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Re: Experimentations with high powered LEDs for microscope illumination

#24 Post by Crater Eddie » Fri May 29, 2015 2:09 pm

Oh, I see. If it was me, I would get the 3 ohm resistor and use the 10v - 13v setting, realizing that I would probably never run it at full brightness for very long anyway. I'm sure my 12v battery was outputting more like 13v, no problem. Also, I'll wager that at high loads your supply is bogging down a bit, so it probably would not produce full output voltage anyway.
CE
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Re: Experimentations with high powered LEDs for microscope illumination

#25 Post by 75RR » Fri May 29, 2015 2:15 pm

If R =Vs - Vf / i
Using 3.5v (max) rather than 3.35v @ 3000mA
We have:
10 - 3.5 / 3 = 2.16Ω
13 - 3.5 / 3 = 3.16Ω

Which would be best? 10v with 2Ω or 13v with 3Ω

Update: Concurrent posting again!

Ok will go for the 3Ω thanks.
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Re: Experimentations with high powered LEDs for microscope illumination

#26 Post by Crater Eddie » Fri May 29, 2015 2:39 pm

Of course I'm not saying that this controller is the best one to use. It's a handy one in that it is fairly inexpensive, readily available, and easy to get working.
I'm sure there are better options, but I'm happy with it. So far. I might easily change my mind after using it for a while.
CE
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Re: Experimentations with high powered LEDs for microscope illumination

#27 Post by Crater Eddie » Fri May 29, 2015 2:43 pm

billbillt wrote:You might use something like this to eliminate the battery:
http://www.ebay.com/itm/121399593874?_t ... EBIDX%3AIT

It should be plenty good, as you only need 0.833 amps to drive this 10 watt LED at 12 Volts..
Hey, that looks interesting! I wonder how adjustable the output is. You going to get one to play with?
CE
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Re: Experimentations with high powered LEDs for microscope illumination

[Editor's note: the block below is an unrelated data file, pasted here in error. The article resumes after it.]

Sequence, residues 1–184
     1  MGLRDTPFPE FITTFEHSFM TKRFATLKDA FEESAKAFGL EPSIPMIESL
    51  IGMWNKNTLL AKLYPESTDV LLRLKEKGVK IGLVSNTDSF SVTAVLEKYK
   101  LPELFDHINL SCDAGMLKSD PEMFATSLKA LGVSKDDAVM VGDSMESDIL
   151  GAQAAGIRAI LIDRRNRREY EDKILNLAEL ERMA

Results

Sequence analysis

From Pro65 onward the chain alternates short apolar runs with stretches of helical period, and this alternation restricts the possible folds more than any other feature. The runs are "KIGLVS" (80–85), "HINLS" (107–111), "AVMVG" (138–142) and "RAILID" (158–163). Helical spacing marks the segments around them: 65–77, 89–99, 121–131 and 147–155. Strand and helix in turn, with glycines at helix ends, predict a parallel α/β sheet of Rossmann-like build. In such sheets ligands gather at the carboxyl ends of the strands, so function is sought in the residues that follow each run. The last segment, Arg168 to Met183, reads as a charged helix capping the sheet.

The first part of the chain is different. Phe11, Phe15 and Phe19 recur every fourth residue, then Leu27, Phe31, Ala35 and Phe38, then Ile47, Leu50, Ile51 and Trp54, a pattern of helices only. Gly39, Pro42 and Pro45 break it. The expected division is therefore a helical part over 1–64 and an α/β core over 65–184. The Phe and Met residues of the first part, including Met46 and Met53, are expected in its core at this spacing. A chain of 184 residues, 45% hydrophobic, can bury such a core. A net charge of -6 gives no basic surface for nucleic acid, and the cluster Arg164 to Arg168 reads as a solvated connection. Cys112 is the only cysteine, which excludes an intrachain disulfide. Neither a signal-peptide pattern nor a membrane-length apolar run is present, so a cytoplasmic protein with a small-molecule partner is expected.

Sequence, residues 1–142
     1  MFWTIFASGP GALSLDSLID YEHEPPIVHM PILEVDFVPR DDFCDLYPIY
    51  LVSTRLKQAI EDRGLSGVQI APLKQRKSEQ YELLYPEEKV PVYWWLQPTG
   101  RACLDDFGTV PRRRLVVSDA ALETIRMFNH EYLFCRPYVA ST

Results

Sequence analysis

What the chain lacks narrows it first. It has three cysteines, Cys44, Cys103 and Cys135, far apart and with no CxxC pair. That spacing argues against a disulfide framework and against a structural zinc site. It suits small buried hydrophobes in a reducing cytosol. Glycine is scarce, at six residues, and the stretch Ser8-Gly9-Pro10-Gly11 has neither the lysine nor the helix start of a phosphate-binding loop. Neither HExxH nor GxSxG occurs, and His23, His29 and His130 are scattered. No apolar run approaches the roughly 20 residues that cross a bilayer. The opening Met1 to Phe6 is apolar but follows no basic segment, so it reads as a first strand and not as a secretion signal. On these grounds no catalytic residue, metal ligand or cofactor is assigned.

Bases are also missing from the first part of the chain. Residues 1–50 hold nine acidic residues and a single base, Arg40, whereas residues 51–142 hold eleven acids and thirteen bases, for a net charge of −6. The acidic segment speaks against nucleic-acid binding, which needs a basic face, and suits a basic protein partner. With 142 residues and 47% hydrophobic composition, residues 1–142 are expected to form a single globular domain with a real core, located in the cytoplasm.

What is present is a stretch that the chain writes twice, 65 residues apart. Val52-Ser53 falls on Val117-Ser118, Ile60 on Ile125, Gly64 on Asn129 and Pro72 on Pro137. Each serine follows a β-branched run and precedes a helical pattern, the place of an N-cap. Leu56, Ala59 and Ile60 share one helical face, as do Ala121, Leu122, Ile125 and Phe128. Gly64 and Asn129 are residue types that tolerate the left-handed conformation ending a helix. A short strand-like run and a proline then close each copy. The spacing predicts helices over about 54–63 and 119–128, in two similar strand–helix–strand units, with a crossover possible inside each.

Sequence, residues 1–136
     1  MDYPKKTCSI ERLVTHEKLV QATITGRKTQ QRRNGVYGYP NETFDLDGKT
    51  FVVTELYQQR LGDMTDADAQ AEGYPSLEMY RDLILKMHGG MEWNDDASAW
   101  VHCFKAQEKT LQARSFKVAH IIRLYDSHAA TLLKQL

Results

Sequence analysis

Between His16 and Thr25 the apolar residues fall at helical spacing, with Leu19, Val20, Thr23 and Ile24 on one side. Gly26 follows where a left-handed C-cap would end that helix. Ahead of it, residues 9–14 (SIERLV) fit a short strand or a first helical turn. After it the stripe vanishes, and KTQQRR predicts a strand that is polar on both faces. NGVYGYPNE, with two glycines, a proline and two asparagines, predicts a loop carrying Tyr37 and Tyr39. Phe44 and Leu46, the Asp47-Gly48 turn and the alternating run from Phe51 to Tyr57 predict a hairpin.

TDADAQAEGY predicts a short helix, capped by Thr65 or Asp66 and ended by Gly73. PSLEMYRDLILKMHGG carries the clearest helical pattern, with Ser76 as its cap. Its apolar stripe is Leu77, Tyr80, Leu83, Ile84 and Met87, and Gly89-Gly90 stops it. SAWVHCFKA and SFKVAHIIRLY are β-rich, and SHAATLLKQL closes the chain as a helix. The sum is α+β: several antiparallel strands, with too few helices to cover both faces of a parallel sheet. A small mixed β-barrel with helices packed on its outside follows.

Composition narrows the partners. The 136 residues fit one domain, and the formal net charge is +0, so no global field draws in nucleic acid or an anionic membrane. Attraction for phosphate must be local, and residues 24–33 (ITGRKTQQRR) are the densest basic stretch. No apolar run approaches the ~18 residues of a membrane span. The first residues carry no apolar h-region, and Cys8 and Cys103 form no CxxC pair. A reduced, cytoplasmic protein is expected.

#28 Post by 75RR » Fri May 29, 2015 4:10 pm

Of course I'm not saying that this controller is the best one to use. It's a handy one in that it is fairly inexpensive, readily available, and easy to get working.
I'm sure there are better options, but I'm happy with it. So far. I might easily change my mind after using it for a while.
Talk about throwing someone off their stride.

Oh well. Will go for it anyway. As you say it will not break the bank.
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Re: Experimentations with high powered LEDs for microscope illumination

#29 Post by Crater Eddie » Fri May 29, 2015 5:56 pm

No alarm intended, just pointing out that I have used this setup a grand total of ONE time.
CE
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Re: Experimentations with high powered LEDs for microscope illumination

#30 Post by 75RR » Fri May 29, 2015 6:54 pm

No alarm intended, just pointing out that I have used this setup a grand total of ONE time.
Fair point.
Still thinking it through - there is no banding, it gives a smooth linear increase/decrease in light intensity and works with LED and incandescent bulbs.
What's not to like. The only improvement I can think of would be to find one with a 3A output (to obviate the external resistance), only then it would not work with my incandescent bulb, so I think it qualifies as a go.
Many thanks for this.